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Nadia Mara and Christian Clark in the evening's best moment: the pas de deux that closes Act 1. (Photos by Charlie McCullers)

Nadia Mara and Christian Clark perform the evening’s best moment: the pas de deux that closes Act 1. (Photos by Charlie McCullers)

A quartet of live musicians usher an excited, robust Cobb Energy Performing Arts Centre audience into a familiar French scene. Edith Piaf’s “La Vie en Rose” colors the air, a Breton-striped peddler sells baguettes and a feisty trio of Gypsies rob a forlorn passerby. Choreographer Jorden Morris’ rendering of Moulin Rouge — The Ballet, has returned to Atlanta Ballet’s repertoire and is being performed through February 13.

The evening-length work is not only quintessentially French, but stereotypically so. From the flamboyant tailors, to lustful courtesans, and the ubiquitous Henri de Toulouse-Lautrec, the piece drips with post-Impressionist images that typically adorn college dorm rooms and wannabe bistros. 

Since its 2010 Atlanta premiere, the two-plus hour ballet has undergone several changes, and its current performers are braver and more virtuosic than ever. But their collective range and technical capacity is largely untapped in this work; the spoon-fed plot lacks depth, and the live musicians are underutilized. 

Moulin Rouge — The Ballet tells the story of Matthew and Nathalie, danced by Christian Clark and Nadia Mara, who try to forge a romance amidst the frivolity and opulence of Paris in the 1920s. In an early scene, Nathalie finds herself engulfed by coquettish women who vie for a position at the infamous Moulin Rouge, often at the expense of their pride and integrity.

Rachel Van Buskirk (center) is one of the stand-outs in a production defined by elaborate period costumes.

Rachel Van Buskirk (center) is one of the stand-outs in a production marked by elaborate period costumes.

Zidler, the music hall’s owner and chief lecher, danced menacingly by Jonah Hooper, becomes deplorably entranced by Nathalie. So begins the fateful love triangle: the ill-fated trajectory for the evening.

The costumes are lavish and evocative while the sound score is a “greatest hits” collection of important music from composers such as Ravel, Massenet, Debussy, Strauss and, of course, Offenbach. The movement and music fit accordingly: hand in glove.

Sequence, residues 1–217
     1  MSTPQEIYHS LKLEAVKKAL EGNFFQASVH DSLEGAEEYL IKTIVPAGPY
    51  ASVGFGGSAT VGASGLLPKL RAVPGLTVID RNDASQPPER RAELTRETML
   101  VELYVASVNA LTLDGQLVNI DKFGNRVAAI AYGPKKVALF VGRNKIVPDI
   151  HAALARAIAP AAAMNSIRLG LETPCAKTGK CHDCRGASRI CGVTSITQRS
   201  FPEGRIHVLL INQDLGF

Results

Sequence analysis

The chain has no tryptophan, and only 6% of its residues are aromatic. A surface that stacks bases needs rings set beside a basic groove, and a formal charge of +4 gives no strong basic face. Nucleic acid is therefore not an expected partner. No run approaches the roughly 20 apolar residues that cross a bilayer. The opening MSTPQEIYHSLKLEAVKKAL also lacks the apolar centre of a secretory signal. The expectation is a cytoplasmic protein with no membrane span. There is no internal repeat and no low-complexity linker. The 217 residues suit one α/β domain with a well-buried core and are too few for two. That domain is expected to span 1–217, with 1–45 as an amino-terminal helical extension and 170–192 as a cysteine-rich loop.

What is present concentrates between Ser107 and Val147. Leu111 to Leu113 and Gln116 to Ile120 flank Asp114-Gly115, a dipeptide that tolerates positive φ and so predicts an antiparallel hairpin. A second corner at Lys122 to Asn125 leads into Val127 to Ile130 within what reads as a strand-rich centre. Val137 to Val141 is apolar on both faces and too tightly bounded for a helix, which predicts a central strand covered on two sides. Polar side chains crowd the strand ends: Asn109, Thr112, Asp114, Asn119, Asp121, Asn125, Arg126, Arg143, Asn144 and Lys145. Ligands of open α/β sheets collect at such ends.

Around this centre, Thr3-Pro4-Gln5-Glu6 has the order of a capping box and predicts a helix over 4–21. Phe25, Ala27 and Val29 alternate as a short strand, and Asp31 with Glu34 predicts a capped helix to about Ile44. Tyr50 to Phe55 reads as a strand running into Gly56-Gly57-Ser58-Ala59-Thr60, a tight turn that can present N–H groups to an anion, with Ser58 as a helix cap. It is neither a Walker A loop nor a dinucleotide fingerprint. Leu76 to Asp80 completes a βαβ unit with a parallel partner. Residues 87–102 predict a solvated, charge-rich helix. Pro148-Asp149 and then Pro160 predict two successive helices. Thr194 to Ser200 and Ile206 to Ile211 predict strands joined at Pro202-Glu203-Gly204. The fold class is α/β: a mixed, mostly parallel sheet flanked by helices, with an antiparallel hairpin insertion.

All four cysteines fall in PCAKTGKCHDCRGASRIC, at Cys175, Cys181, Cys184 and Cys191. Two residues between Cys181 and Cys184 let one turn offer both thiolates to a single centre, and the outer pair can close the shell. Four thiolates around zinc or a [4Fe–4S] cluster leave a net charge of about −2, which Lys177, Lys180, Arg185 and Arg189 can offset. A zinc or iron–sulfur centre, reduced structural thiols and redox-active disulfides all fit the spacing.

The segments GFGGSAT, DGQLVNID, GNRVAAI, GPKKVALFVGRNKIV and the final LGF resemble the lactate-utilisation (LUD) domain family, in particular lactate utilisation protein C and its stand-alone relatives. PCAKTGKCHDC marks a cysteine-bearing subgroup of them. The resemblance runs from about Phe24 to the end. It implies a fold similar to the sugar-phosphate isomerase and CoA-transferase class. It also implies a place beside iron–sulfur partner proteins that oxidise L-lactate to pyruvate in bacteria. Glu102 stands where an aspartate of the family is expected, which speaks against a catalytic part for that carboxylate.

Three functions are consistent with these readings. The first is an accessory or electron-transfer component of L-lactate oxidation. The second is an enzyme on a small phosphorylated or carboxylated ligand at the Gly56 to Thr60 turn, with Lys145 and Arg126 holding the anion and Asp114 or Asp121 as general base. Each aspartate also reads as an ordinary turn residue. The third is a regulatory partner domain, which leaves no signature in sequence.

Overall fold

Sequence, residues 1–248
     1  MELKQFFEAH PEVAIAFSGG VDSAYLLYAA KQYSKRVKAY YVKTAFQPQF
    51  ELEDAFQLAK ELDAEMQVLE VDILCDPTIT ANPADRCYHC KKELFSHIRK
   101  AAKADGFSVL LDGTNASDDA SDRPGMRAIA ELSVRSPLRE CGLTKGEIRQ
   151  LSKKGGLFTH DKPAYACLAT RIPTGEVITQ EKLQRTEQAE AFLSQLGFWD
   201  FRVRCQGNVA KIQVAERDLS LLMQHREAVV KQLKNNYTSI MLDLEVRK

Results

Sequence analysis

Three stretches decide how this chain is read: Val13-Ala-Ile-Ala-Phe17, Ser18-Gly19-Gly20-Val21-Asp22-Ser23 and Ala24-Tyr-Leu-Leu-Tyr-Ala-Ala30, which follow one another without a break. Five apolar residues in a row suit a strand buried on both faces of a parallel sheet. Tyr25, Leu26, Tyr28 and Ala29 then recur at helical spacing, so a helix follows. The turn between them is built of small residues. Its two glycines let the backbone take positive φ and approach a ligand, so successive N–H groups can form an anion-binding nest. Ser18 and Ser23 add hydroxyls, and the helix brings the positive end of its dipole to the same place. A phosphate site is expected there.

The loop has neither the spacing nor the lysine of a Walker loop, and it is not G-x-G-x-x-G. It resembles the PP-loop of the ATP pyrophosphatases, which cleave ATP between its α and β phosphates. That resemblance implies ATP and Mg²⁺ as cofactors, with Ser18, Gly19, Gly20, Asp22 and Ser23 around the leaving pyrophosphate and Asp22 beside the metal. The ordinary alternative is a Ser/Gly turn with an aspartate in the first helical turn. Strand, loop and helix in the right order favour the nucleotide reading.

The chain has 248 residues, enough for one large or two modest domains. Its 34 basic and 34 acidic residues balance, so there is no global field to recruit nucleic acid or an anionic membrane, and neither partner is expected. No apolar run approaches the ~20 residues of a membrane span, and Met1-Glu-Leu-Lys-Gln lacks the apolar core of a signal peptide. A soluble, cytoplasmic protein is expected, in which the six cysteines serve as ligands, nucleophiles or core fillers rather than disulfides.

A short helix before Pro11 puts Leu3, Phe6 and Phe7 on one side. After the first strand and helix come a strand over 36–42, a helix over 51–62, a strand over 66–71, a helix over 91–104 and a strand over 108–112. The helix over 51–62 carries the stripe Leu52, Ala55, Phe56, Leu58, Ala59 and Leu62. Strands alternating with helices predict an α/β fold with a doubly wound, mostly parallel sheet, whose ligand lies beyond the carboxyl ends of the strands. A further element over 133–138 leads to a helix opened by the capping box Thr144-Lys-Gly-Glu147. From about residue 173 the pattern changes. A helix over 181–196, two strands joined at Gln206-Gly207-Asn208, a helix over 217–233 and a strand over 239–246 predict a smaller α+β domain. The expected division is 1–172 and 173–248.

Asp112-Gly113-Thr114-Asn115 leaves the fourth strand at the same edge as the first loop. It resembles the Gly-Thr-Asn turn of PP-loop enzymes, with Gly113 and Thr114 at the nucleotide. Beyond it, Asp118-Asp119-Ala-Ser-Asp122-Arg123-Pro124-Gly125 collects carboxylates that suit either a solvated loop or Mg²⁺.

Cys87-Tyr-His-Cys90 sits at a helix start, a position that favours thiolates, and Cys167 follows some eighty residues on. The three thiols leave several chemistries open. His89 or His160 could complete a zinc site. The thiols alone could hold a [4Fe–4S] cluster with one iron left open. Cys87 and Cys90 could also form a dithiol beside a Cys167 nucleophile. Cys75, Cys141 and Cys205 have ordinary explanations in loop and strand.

Morris’ sensitivity to each composition’s energy is certainly noteworthy if not commendable. But the movement exploration feels incomplete. The leads — namely Mara, Clark, Hooper, John Welker and Rachel Van Buskirk (in a flaming red wig) — enthrall, as does Coco Mathieson. 

Yet for a professional ballet company, these triumphs are de rigueur: this is standard classroom material. The dancers can do … much more. Aside from the can-can and heel stretches that signify the golden era of the Moulin Rouge, little else is culturally relevant or significant as an identifier of Morris’ choreographic proclivities.

There are stunning, memorable moments. At the close of Act I, “Claire de Lune” lulls us into a dreamy world as Clark and Mara dance on and within the most striking set of the evening. The technically brilliant Mara captures love’s radiant glow, and makes us believe that even her whispers have tremendous power. 

Combined with Clark, their subtle gestures, gossamer arms, and sincere eyes intertwine with the pale blue light that radiates from behind. They conclude their duet on a bridge, gazing at one another, then into the distance. What they share is profoundly intimate, moving in its simplicity, and totally believable.

Yoomi Kim strikes a playful note.

Act II treats us to another engaging moment in the Tango Café. Five couples twist, turn, jump and throw one another in fits of dynamic, sultry attraction. Fast and fiery, the moment offers a rare glimpse into the ferocious and captivating power of the accompanying dancers, who are sadly underrepresented. All too often, the women decorate the stage by kneeling on one knee and shimmying their skirts. A lot. I suffered for them on the inside. 

The final moments of the evening imprint tense and somewhat devastating images on our hopeful minds. The ballet careens to a predictable and melodramatic conclusion with welcomed heart-warming honesty. While I won’t reveal who dies in the end, I will suggest the death scene is of Shakespearean proportion. 

As one of the dancers gasps for a last, nourishing breath, she still finds energy to eek out one final, beautiful leg extension to the side, one more pique attitude, one last pirouette before falling into eternal slumber. 

Could this be a metaphor for this genre of ballet? Perhaps. Yet, there is no denying the power of a powerful story nor the impact it can have on large audiences. The question that remains is: Do we want something luscious to chew on? Something that has mystery and staying power — like that delicious, unidentifiable chocolate in the box? Or is the immediate satisfaction of cotton candy enough, provided we can stave off the guilt over the amount of sugar we digested?

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